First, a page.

The main concerns for polyphonic instruments, or instruments that can easily play more than one note at time, such as piano, organ, guitar, and the various mallet instruments, are voicing chords, reharmonizing, and playing rhythms.
In jazz, when the music calls for a Cmaj7 chord, this almost never implies a pianist should play “C E G B”. Usually, the pianist will choose some other way of playing the chord, even if it is simply an inversion of the basic root position chord. There have been entire books written on the subject of chord voicings. The discussion here only scratches at the surface of the possibilities. I have loosely categorized the voicings described here as 3/7 voicings, quartal voicings, polychord voicings, close position and drop voicings, and other scale based voicings.
- 3/7 Voicings
- Quartal Voicings
- Polychord and Upper Structure Voicings
- Close Position and Drop Voicings
- Other Scale-Based Voicings
An accompanist may occasionally reharmonize a chord progression to sustain interest, introduce contrast, or create tension. This involves replacing some of the written or expected chords with other unexpected chords. Substitutions such as the tritone substitution are one type of reharmonization.
Some musicians spend a lot of time trying different reharmonizations when working on a tune. However, unless they tell the soloist what they doing beforehand, many of the reharmonizations they may come up with are not suitable for use in accompanying, since the soloist will be playing from a different set of changes. There are some simple reharmonizations that can be used without disturbing the soloist too much. The tritone substitutionis one example; at any time a dominant seventh chord is called for, the accompanist may substitute the dominant seventh chord a tritone away. This creates exactly the same type of tension that is created when the soloist performs the substitution. Another simple reharmonization is to change the chord quality. That is, play a D7alt in place of a Dm, and so forth.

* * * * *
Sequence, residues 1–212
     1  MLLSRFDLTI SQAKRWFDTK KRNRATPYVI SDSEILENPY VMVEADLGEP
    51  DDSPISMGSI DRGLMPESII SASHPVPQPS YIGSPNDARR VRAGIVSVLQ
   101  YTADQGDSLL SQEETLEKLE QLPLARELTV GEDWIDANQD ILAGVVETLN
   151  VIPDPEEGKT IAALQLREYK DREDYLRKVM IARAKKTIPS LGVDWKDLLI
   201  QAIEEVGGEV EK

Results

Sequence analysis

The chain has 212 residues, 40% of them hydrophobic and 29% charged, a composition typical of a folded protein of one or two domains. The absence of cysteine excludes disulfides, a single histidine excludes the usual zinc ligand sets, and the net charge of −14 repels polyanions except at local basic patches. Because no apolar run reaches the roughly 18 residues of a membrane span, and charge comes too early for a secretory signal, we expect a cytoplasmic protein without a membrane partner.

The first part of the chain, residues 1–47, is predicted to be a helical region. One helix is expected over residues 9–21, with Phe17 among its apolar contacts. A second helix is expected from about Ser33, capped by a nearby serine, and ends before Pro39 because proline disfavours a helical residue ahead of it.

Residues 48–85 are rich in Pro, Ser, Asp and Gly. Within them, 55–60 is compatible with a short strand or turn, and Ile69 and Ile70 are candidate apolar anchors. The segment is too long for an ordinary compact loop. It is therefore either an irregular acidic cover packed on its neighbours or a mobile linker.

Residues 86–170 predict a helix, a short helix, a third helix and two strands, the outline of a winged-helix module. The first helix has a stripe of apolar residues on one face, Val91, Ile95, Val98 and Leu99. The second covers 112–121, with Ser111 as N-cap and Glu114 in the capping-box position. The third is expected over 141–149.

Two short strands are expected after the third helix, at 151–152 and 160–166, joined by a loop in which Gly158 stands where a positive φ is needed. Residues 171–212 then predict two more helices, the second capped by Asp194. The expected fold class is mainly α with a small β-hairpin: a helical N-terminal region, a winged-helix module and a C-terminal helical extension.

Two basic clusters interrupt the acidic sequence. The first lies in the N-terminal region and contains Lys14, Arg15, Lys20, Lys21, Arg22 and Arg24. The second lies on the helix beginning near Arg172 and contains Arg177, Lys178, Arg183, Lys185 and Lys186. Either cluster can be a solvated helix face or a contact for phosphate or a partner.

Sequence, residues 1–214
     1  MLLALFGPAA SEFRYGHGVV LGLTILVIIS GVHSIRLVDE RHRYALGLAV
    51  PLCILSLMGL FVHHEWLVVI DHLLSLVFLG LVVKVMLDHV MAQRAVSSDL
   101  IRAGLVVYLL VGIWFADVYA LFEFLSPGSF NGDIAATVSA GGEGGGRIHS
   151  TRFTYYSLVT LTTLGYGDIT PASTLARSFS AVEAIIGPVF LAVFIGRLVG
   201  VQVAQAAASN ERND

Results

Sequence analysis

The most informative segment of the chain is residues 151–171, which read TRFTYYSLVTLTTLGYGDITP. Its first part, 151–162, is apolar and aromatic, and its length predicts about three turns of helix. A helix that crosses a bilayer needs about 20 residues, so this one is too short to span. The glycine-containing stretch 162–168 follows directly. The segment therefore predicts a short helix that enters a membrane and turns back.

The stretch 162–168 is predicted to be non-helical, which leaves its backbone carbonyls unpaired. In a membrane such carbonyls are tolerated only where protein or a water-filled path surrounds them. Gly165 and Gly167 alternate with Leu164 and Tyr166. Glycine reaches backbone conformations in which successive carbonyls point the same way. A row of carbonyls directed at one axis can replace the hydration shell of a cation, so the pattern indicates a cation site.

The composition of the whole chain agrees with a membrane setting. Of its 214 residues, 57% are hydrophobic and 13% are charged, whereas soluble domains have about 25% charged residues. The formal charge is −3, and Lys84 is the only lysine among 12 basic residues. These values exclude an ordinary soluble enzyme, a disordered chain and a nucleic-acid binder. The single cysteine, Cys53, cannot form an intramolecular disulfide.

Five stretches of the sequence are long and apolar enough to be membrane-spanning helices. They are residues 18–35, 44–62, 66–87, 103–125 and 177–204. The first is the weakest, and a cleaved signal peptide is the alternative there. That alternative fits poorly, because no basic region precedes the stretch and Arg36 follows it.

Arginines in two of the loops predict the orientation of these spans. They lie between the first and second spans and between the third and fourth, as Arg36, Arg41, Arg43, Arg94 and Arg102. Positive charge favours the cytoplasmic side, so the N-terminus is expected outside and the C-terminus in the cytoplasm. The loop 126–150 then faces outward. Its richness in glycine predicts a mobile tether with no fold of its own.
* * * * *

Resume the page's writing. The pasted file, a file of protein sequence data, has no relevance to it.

Another common reharmonization is to replace a dominant chord with a ii-V progression. This was already demonstrated when discussing the blues progression; one of the progressions replaced the F7 chord in bar 4 with a Cm7 – F7. This is especially common at the end of a phrase, leading to the tonic at the start of the next phrase. Most of the scale choices the soloist may have been using over the F7 chord will also work over the Cm7 chord, so this reharmonization doesn’t usually create too much tension. This technique can be combined with the tritone substitution to create a more complex reharmonization. Rather than replace the V with a ii-V, first replace the V with its tritone substitution, and then replace that with a ii-V. For example, in bar 4 of the F blues, first replace the F7 with B7, and then replace that with F#m7 – B7.